How a director known for drama made 'White Noise,' the strangest disaster movie of the year

Josh Rottenberg, Los Angeles Times on

Published in Entertainment News

If you were looking for a director to stage a spectacular cataclysm onscreen, Noah Baumbach would probably not be on your short list.

Baumbach's sharply observed, often personal movies, including 2005's "The Squid and the Whale," 2014's "While We're Young" and 2019's best picture-nominated "Marriage Story," have featured plenty of relationship disasters and emotional blow-ups. But there have been no actual explosions, no big car crashes, no visual effects.

"We had to deal with blood a little bit in 'Marriage Story,'" Baumbach says dryly, referring to a scene in which Adam Driver's character accidentally cuts himself while attempting to perform a knife trick. "But that's about it."

So when Baumbach was preparing to adapt author Don DeLillo's seminal 1985 post-modern novel "White Noise," he knew one of the biggest challenges would be filming the book's dramatic centerpiece: a mysterious "airborne toxic event" that descends upon a small college town, forcing its residents — including the brainy, neurotic Gladney family — to evacuate in terror.

A dozen films into his directing career, Baumbach felt ready to tackle something on a bigger scale. "There was a different kind of planning, just finding the right people to help, but it was exciting," he says.

To be clear, "White Noise" is not, by any stretch of the imagination, a typical Hollywood disaster movie. Like the novel from which it is faithfully adapted, the movie, now playing in select theaters before arriving on Netflix Dec. 30, is a satire of the many ways Americans try to distract themselves from their own fear of mortality, throwing themselves into consumerism, entertainment, conspiracy theories and pharmaceuticals. Mashing up quirky comedy with elements of sci-fi, horror and noir, all of it shot through with heady ideas, the film is all but impossible to categorize.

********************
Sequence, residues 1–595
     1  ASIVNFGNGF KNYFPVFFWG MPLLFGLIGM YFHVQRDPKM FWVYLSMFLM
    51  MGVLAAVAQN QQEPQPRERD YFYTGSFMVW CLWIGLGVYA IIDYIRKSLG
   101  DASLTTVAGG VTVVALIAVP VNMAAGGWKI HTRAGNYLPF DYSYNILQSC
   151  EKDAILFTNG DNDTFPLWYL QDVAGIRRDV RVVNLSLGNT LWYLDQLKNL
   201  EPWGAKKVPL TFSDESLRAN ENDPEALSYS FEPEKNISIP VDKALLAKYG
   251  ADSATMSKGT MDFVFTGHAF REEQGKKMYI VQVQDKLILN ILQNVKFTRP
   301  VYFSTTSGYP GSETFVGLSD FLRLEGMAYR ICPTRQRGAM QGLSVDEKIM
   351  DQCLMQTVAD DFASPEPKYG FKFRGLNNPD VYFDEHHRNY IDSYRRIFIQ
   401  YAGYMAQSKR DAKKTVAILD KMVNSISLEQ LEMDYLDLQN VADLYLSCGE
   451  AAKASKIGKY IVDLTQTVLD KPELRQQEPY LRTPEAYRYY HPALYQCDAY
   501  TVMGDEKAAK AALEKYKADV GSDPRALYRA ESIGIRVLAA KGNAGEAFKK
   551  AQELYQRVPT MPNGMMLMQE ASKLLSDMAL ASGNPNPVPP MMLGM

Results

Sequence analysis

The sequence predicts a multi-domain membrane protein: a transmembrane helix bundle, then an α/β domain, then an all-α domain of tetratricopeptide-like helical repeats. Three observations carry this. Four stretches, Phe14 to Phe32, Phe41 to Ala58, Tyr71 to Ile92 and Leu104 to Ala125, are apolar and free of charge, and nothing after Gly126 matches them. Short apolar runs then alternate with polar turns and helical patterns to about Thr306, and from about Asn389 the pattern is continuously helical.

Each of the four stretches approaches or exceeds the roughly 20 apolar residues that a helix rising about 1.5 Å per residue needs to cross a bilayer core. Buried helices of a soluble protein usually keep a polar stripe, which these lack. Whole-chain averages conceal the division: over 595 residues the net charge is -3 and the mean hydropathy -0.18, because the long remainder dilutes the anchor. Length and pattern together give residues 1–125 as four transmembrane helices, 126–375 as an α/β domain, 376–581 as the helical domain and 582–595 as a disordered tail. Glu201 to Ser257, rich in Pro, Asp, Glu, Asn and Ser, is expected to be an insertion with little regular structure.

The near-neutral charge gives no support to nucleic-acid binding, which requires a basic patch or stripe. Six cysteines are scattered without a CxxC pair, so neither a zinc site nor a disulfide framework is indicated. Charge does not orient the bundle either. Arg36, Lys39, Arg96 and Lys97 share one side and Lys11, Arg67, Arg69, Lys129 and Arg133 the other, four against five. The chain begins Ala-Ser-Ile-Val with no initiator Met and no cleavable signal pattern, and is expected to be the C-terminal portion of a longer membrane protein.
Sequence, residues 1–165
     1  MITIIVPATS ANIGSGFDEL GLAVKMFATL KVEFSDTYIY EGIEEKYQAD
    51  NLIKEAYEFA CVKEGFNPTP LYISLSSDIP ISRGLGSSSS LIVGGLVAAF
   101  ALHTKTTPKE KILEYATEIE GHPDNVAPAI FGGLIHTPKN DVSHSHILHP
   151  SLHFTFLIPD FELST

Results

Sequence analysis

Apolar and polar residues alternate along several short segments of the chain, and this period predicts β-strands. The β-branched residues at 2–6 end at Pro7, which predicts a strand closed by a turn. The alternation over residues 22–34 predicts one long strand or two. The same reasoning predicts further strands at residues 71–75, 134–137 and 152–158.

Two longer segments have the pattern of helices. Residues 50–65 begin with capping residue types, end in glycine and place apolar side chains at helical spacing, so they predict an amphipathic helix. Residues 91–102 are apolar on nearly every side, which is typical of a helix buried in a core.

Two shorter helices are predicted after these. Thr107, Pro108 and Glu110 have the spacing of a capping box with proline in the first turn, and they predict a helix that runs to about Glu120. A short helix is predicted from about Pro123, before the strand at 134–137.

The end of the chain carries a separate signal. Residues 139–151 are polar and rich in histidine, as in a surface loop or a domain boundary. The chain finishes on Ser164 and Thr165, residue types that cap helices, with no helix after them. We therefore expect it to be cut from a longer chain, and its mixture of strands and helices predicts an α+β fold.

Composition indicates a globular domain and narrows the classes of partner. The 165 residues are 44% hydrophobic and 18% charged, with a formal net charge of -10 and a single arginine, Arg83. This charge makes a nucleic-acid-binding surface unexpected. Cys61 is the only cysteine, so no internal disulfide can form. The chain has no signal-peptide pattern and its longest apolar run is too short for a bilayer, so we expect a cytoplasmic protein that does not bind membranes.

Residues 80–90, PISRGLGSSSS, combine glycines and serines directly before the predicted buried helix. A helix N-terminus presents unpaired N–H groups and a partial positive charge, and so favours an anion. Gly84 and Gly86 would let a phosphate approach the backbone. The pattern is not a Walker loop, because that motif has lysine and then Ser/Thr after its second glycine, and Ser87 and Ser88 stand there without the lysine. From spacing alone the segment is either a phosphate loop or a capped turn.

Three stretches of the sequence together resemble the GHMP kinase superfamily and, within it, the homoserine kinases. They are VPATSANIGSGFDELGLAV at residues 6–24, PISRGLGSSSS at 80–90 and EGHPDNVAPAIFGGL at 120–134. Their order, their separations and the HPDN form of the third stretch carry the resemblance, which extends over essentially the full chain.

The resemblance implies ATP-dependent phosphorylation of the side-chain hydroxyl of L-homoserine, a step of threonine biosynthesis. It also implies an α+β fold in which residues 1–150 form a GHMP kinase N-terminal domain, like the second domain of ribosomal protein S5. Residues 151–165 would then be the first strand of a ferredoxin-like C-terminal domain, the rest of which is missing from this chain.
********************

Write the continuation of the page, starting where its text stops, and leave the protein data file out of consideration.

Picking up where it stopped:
"It is sort of a meditation on death wrapped in a love letter to the '80s and sometimes a screwball comedy," Don Cheadle, who co-stars alongside Driver and Greta Gerwig, offers by way of description.

For years, DeLillo's novel was considered un-filmable. The book takes place in a world that feels shifted off a few degrees from our own. Its characters — including the Hitler studies professor Jack Gladney (Driver), his wife Babette (Gerwig) and their precocious children — speak in deadpan aphorisms that, while often funny, are difficult to translate into real life. It is dense with big ideas, but as a narrative, it's oddly structured and episodic.

But Baumbach — who has loved the book since first reading it as a teenager on the advice of his writer father — was undeterred by the trickiness of the material.

"I was really interested in adapting the tone and the particular strangeness of the book, which is also very familiar," says Baumbach, who has earned two Oscar nominations for original screenplay but had never before adapted someone else's work. "There are many movies that have these unreal tones to them, where you're like, 'This is totally not what I expected but also feels very much how the world feels to me.' There are filmmakers like David Lynch who have made whole careers out of that."


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